This man perceived everything that happened to his body and around his body during his out-of-body experience. This is local information. At the same time he learned of the death of his sister in a distant room in the same hospital. This is distant information. He was being resuscitated for heart problems at the same time his sister died, so he was in no condition to learn of her death at that moment. Some people might say this man learned of the death of his sister by means of paranormal sensory abilities. But paranormal sensory abilities are not needed to explain how he learned of the death of his sister. This man knew his sister was near to death in a diabetic coma in the same hospital, and diabetic coma had a mortality varying between 4.9-46% during the 1980's and before (Hamblin 1989, Khardori 1984, Pinies 1994, Rimailho 1986). He needed no paranormal senses to predict the death of his sister, because he was very likely to have been correct. The fact his sister died at about the same time as he was being resuscitated was no more than coincidence. So his apparently paranormal sensations and experience were a combination of his own sensations, together with a statement of a likely event subsequently invested with paranormal significance.
The most important aspect of all such stories is accuracy of information and timelines. Many of these stories reporting seeing deceased family members go as follows; "I didn't know my Aunt Tillie was dead, yet I saw her during my NDE." Everyone then looks amazed, their jaws drop, and the more superstitious will accept it at face value without checking on the details of the story. They call loudly in an amazed tone of voice, "Wow! This is amazing! This is inexplicable. This is PROOF of the truth of an afterlife!" Yet when the details of these stories are carefully checked, one must always account for factors such as:"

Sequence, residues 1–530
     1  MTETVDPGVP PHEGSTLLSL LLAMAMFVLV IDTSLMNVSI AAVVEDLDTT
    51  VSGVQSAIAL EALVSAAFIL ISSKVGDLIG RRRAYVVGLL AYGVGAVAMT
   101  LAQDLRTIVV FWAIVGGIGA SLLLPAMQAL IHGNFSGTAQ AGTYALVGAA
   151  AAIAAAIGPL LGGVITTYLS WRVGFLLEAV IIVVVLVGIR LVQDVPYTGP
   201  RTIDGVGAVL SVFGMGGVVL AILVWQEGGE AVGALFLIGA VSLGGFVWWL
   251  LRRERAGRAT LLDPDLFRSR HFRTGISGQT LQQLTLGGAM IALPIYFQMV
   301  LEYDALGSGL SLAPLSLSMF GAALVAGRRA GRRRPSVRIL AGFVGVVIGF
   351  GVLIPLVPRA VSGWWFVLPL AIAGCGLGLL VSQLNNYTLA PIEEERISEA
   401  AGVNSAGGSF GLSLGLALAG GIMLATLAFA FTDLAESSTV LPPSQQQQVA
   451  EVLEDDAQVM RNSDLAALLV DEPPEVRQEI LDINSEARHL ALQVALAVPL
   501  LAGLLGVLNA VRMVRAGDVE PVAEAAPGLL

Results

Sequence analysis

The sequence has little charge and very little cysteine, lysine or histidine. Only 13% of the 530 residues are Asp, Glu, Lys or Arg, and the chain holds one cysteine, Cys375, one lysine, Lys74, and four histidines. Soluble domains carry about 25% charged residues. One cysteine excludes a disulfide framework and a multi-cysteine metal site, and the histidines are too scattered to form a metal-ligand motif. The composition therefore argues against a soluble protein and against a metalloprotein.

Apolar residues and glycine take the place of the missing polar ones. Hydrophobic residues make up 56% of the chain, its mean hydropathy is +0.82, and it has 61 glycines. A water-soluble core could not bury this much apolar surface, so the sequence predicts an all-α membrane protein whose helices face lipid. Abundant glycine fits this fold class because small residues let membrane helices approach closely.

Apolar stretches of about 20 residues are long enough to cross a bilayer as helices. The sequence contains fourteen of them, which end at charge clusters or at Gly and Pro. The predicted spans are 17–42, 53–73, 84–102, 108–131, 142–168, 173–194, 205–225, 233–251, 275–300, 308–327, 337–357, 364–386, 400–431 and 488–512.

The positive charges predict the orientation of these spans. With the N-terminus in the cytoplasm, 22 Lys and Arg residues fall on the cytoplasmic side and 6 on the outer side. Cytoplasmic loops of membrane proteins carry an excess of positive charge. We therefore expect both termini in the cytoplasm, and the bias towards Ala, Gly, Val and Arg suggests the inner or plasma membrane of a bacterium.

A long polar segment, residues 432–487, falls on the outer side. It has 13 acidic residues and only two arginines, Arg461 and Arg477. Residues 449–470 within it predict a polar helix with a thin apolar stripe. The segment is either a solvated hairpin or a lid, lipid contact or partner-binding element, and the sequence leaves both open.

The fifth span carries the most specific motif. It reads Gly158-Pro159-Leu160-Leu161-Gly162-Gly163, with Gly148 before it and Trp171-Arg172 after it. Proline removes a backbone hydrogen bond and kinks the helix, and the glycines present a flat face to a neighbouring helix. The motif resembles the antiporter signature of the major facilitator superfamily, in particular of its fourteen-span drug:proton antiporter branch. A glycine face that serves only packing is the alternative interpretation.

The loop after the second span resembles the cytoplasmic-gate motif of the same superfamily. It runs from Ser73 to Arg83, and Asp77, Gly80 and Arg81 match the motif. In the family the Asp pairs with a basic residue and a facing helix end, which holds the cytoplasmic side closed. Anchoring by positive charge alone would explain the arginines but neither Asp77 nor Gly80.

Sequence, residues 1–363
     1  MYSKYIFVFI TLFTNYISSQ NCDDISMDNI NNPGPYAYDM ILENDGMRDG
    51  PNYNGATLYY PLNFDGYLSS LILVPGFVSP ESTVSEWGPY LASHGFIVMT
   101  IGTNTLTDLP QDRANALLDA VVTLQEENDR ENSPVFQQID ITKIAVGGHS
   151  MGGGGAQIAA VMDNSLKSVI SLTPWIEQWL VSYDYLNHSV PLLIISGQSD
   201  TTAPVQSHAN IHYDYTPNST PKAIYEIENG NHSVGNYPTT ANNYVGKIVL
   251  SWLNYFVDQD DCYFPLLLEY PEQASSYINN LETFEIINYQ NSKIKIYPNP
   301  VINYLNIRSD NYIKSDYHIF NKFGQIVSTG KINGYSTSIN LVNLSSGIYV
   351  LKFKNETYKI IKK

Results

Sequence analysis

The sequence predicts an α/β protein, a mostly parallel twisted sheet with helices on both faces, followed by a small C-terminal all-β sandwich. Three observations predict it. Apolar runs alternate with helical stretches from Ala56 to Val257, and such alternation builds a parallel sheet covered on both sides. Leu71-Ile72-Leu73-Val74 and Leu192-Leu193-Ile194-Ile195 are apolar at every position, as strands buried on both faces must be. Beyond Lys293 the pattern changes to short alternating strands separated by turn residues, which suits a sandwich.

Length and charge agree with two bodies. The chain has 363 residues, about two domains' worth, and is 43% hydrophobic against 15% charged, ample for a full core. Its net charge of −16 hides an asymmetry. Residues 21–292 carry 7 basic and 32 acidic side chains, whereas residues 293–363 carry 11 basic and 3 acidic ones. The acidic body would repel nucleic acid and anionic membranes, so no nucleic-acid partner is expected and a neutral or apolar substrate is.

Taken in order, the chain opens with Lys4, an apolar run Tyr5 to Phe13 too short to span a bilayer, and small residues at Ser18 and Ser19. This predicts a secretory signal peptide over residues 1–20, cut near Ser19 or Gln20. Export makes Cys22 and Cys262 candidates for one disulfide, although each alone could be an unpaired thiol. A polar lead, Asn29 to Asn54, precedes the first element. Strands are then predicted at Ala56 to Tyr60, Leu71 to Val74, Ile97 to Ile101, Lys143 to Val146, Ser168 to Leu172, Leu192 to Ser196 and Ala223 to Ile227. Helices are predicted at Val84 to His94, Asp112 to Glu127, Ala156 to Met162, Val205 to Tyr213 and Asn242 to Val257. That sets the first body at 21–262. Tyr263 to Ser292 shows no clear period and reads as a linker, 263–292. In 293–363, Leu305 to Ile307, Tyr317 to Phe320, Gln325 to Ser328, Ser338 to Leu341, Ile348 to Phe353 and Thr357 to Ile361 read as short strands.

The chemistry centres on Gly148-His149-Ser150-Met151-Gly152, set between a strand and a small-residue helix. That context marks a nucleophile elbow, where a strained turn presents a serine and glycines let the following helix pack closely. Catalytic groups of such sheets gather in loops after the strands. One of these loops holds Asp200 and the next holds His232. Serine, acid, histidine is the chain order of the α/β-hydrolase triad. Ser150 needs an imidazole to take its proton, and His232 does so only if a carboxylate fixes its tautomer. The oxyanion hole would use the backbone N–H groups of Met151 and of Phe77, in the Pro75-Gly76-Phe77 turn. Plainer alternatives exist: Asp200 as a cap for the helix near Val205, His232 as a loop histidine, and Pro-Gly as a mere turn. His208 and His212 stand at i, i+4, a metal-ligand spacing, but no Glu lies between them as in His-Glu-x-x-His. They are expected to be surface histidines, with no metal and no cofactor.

Only when all these factors are known, can one suspect that something as yet unexplained occurred. To simply say something is amazing and inexplicable without investigating these facts, is to be believing and superstitious. Indeed when all these factors are investigated, the final story is often somewhat more mundane. A good exmple of such careful investigation was provided by the story above of the man who learned of the demise of his diabetic sister during his NDE.
How strong are these genetically transmitted similarities? Everyone has experience of this in their own families. All people know that family members reveal similarities in appeasrance. One nice website revealing this is that of the Cottrell family (click here for Cottrell family website). This is an example from one family, but what of others? Just examine these photgraphs:
The above photograph reveals striking similarities in the jaw line in three generations: son, father, and grandfather.
The above photograph reveals striking similarities in the facial features acroos tweo generations of women: black-white photo on the left is the grandmother, and the color photograph on the right is the granddaughter.